‘In what turned out to be the last year of his life, Roger Scruton often mulled on the nature and techniques of twenty-first century denunciation. For Roger, like others who had seen totalitarian societies up close, knew what intimidation and officially-imposed forms of thinking were actually like.
Which is not to say, of course, that modern Britain or America are totalitarian societies. Only that we have people among us who act with precisely the same techniques as those did in totalitarian societies. In modern Britain, as in communist Czechoslovakia and elsewhere, the habits are the same. A member of a profession comes into their workplace in the morning to find a letter of denunciation signed by all their colleagues. An organ of official opinion castigates someone for having fraternised with the wrong elements. Almost all of this is done by people who think they are doing good. As it happens I have spent the first part of the year reading Vasily Grossman, and this last notion has been particularly striking of late. Bad things are rarely done by people who think they are doing bad things. They are almost everywhere done by people who imagine that they are acting for the common good.
Which brings me to Laurence Fox, or rather the response to Laurence Fox in recent days.
The actor appeared on Question Time last week. And for social media – and some denizens of the real world – it was as though the space-time continuum had ripped. As it happens, actors are quite often asked onto Question Time, where they sprinkle star-dust and disappointment in equal measure. The disappointment comes from the fact that when actors speak in public with words that have not been written for them, they tend to demonstrate a number of mental deficiencies. One is their holding to the core fallacy, that some politicians such as Jess Phillips also tend to display, which is a belief that the problems of the world would be largely solved if other people were more like them. This belief extends to the idea that if only there were more ‘empathy’, ‘sympathy’ and general niceness in the world then questions like how to curb China’s exploitation in Africa would solve themselves.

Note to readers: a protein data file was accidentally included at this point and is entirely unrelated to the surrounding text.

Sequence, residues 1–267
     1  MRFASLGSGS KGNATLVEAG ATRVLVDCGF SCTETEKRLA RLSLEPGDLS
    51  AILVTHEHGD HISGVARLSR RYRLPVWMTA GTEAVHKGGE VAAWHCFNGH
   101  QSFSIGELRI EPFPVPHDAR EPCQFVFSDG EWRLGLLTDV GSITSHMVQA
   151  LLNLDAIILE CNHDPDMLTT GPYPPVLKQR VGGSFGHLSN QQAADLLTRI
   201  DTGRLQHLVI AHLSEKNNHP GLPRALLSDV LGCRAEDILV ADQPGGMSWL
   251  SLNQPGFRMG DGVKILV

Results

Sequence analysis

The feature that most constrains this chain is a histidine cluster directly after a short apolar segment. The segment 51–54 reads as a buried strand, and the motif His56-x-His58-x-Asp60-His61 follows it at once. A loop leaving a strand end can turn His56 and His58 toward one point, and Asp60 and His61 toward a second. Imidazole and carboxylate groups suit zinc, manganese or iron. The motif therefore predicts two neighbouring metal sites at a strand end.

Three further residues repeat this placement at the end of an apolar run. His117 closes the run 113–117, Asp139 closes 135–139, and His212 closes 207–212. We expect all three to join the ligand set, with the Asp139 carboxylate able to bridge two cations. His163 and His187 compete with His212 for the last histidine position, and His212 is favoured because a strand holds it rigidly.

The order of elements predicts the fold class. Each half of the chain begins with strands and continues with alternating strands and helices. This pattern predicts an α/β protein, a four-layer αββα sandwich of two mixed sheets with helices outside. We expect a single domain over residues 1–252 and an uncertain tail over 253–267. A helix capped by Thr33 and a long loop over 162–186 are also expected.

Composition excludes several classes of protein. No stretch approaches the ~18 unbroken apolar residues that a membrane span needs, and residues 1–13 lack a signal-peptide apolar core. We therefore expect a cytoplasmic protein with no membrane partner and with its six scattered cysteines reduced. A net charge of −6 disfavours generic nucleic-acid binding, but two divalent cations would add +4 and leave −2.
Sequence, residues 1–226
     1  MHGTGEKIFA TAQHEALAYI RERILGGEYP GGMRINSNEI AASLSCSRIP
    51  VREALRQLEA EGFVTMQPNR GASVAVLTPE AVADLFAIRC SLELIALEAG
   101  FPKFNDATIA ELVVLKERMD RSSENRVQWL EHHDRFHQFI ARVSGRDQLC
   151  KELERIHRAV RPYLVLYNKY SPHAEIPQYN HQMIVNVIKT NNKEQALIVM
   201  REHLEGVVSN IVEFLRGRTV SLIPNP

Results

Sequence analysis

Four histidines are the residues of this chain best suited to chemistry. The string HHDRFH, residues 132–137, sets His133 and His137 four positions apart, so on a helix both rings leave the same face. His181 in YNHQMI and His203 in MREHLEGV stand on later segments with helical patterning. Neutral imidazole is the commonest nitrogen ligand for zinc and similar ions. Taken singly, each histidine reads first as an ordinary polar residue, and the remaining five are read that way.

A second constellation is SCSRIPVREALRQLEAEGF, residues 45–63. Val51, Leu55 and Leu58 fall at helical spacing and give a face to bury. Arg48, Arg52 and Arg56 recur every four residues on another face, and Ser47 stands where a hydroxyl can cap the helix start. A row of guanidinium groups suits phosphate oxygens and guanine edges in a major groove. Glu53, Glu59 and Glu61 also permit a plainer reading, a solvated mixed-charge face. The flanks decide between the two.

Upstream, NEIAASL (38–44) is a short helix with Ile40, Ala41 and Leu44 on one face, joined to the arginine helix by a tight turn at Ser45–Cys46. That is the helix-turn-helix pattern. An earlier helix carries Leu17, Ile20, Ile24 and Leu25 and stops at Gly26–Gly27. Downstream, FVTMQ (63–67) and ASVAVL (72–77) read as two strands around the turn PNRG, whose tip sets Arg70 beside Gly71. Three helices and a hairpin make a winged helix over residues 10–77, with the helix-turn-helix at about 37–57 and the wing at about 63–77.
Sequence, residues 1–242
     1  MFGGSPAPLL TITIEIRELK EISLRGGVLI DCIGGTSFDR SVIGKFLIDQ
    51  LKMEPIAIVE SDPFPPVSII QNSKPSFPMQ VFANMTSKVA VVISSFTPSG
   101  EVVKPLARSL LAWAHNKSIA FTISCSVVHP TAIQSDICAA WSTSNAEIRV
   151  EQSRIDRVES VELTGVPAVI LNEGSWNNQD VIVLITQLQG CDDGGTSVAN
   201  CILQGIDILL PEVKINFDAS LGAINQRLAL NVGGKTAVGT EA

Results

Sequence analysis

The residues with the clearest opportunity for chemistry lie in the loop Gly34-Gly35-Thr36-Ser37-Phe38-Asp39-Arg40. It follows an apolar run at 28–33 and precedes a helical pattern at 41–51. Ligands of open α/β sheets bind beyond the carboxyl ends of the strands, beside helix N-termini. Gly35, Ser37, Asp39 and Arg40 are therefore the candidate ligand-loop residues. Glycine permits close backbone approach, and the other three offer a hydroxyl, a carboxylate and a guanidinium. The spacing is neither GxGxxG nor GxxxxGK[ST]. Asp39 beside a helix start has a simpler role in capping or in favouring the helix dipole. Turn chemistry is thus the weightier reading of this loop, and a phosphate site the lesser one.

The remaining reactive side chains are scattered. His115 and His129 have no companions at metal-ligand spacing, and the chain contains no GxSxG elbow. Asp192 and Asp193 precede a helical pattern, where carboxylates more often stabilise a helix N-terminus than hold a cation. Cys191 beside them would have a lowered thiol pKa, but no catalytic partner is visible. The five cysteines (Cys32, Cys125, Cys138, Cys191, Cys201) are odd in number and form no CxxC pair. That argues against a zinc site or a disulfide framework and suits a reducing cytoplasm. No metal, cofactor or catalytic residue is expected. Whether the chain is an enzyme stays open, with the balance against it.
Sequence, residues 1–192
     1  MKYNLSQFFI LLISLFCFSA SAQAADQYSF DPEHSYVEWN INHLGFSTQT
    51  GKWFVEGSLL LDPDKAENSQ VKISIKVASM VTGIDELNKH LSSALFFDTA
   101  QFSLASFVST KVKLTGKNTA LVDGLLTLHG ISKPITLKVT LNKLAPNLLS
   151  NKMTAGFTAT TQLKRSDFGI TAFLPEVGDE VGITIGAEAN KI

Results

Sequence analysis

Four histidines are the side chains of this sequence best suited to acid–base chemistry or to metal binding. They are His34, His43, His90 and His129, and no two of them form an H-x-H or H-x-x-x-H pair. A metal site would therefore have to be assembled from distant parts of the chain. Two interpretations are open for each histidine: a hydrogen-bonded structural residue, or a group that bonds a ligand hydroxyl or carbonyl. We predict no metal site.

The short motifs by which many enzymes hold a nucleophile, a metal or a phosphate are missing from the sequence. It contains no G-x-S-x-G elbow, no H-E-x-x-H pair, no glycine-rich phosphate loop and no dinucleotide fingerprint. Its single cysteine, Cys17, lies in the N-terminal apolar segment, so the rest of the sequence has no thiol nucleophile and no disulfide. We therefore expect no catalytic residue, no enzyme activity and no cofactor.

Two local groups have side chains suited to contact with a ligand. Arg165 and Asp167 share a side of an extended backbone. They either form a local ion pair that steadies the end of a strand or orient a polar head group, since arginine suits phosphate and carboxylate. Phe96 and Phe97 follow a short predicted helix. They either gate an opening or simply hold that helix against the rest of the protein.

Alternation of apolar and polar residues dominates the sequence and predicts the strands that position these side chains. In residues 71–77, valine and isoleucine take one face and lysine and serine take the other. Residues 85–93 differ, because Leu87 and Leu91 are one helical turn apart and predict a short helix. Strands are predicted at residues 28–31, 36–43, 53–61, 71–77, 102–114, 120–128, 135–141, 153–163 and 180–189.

Last week Laurence Fox did something unusual. He did not play the game that – cynically or sincerely – most actors and actresses play. He appeared, on live television, and appeared to think for himself.
Naturally he was offered precisely the same traps as every other public figure is now offered in lieu of discussion. Lady (Shami) Chakrabarti, to Fox’s right, tried to play the game of ‘Let’s pretend that all men are misogynists unless they prostrate themselves to prove otherwise.’ On this occasion she tried this by pretending that Fox’s casual suggestion that Keir Starmer might be best placed to lead the Labour party was in some way anti-women. Fox dealt with this typically underhand little Chakrabarti-ism in a rather deft way, as well as politely.’